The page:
Emotionally Available Parents May Be A Game-Changer for Kids' Future Success

Children with emotionally available parents tend to have a much stronger chance of future success even when they face other obstacles such as poor socioeconomic status, according to a new study published in the journal Frontiers in Human Neuroscience.

The findings show that children who experience a healthy attachment and high-quality emotional bond with their mothers have greater cognitive development as preschoolers.

Research has shown that our children’s chances of future success are driven by a variety of factors, including those that are somewhat beyond our immediate control, such as genes and financial status. The new study, however, found that a caring and emotionally attentive parent is likely to be a solid, long-term game-changer.

For the study, the researchers examined 27 children between the ages of four and six. They looked at the quality of the children’s emotional bond to their parents, whether or not they were shy or withdrawn and also examined their cognitive control skills, such as their ability to resist temptation and remember things.

The research incorporated a variety of questionnaires, behavioral tasks, and electrophysiological measurements. The findings, according to lead author Dr. Henriette Schneider-Hassloff, “support developmental theories which propose that a high emotional quality in the mother-child interaction (attachment security) fosters the cognitive development of the child.”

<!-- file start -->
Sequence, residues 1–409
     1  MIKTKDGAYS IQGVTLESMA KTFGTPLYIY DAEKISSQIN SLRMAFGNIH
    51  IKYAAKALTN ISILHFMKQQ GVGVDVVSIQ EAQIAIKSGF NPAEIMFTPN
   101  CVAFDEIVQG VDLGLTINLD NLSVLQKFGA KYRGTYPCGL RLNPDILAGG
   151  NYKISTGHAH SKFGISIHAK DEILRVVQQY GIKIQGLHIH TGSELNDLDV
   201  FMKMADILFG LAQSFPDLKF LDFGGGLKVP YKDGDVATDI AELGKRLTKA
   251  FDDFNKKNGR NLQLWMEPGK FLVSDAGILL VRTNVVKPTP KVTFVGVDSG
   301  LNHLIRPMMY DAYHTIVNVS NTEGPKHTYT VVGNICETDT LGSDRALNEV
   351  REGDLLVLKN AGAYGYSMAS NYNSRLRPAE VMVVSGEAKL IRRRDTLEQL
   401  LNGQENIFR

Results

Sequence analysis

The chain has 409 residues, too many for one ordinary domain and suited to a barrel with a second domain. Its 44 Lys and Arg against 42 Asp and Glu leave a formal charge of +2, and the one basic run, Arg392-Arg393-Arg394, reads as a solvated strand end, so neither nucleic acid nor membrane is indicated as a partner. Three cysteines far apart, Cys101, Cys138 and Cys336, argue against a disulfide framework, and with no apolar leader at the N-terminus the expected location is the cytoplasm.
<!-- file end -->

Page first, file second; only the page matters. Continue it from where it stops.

Schneider-Hassloff, of the Department of Child and Adolescent Psychiatry and Psychotherapy at University Hospital Ulm in Germany, looked at the quality of the emotional bond — referred to as emotional availability (EA) — between mothers and children and measured the children’s executive functions through a number of exercises.

Using EEG (electrotroencephalography), the researchers measured the neural responses of children as they were asked to complete tasks that inhibited certain aspects of their behavior. EEG is able to measure small variations in voltage in certain key parts of the brain.

Schneider-Hassloff noted, “this study investigated the association between emotional interaction quality and the electrophysiological correlates of executive functions in preschool children for the first time,” thereby shedding new light on the long-term importance of emotional nurturing.

Parents who encourage independence in their kids while remaining emotionally available thus give their young children a greater chance at future success. Even in hardships, such as financial insecurity and living in poor neighborhoods, parents can create a healthy emotional space that will have long-lasting and powerful consequences for the child’s future life-skills, the study asserts.

The researchers encourage further work into emotion-driven parenting, particularly for children at risk.

Source: Frontiers